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The Aphasia Communication Outcome Measure (ACOM) (Hula et al., 2015)

posted on 2015-06-01, 00:00 authored by William D. Hula, Patrick J. Doyle, Clement A. Stone, Shannon N. Austermann Hula, Stacey Kellough, Julie L. Wambaugh, Katherine B. Ross, James G. Schumacher, Ann St. Jacque
Purpose The purpose of this study is to investigate the structure and measurement properties of the Aphasia Communication Outcome Measure (ACOM), a patient-reported outcome measure of communicative functioning for persons with aphasia.
Method Three hundred twenty-nine participants with aphasia responded to 177 items asking about communicative functioning. The data were analyzed using a categorical item factor analysis approach. Validity of ACOM scores on the basis of their convergence with performance-based, clinician-reported, and surrogate-reported assessments of communication was also assessed.
Results Fifty-nine items that obtained adequate fit to a modified bifactor measurement model and functioned similarly across several demographic and clinical subgroupings were identified. The factor model estimates were transformed to item response theory graded response model parameters, and the resulting score estimates showed good precision and moderately strong convergence with other measures of communicative ability and functioning. A free software application for administration and scoring of the ACOM item bank is available from the first author.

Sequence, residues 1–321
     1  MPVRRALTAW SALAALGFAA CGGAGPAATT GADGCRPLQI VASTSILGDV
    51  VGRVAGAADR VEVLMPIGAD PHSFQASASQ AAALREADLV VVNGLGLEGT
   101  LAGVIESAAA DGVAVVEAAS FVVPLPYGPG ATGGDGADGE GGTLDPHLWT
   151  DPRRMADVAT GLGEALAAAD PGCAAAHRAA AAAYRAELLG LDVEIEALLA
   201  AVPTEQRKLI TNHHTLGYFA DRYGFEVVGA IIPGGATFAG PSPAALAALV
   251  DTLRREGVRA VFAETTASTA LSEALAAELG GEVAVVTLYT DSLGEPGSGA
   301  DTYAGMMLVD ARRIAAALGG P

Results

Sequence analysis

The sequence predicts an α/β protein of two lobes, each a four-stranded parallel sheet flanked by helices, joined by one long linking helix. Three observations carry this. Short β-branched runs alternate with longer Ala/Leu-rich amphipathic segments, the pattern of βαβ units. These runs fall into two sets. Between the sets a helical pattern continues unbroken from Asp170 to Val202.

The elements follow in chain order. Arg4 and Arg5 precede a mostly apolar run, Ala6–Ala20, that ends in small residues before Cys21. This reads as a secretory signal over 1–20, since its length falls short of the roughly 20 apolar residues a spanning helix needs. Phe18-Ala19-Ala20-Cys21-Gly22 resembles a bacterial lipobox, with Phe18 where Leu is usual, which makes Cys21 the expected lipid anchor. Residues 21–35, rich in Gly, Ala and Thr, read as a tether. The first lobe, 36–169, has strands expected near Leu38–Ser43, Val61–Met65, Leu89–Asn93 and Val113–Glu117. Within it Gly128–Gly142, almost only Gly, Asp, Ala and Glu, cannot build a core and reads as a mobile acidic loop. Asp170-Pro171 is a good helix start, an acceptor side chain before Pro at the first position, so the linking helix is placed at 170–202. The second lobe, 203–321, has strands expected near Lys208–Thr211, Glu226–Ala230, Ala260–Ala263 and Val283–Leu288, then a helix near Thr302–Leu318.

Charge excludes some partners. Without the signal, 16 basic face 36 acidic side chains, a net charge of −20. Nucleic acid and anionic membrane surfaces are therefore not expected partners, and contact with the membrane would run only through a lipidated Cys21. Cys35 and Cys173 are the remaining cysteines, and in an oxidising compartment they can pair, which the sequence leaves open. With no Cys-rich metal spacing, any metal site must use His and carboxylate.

Conclusions The ACOM provides reliable measurement of patient-reported communicative functioning in aphasia. The results supported the validity of ACOM scores insofar as (a) factor analyses provided support for a coherent measurement model, (b) items functioned similarly across demographic and clinical subgroups, and (c) scores showed good convergence with measures of related constructs.


This work was supported by VA Rehabilitation Research & Development Merit Review Award 6098R (principal investigator: Patrick Doyle), Career Development Award C7476W (principal investigator: William Hula), and the VA Pittsburgh Healthcare System Geriatric Research Education and Clinical Center. The authors would like to thank Beth Friedman, Janet Malotky, Martha Manthie, Christina Nessler, Rebecca Owens, Jessica Rapier, Mary Sullivan, Brooke Swoyer, Neil Szuminsky, and Sandra Wright for their assistance with data collection and management. We would also like to thank the aforementioned along with Michael Dickey, Malcolm McNeil, Christine Matthews, Ronda Winans-Mitrik, and Gerasimos Fergadiotis for helpful discussions during the development and execution of this project. The contents of this article do not represent the views of the Department of Veterans Affairs or the United States government.


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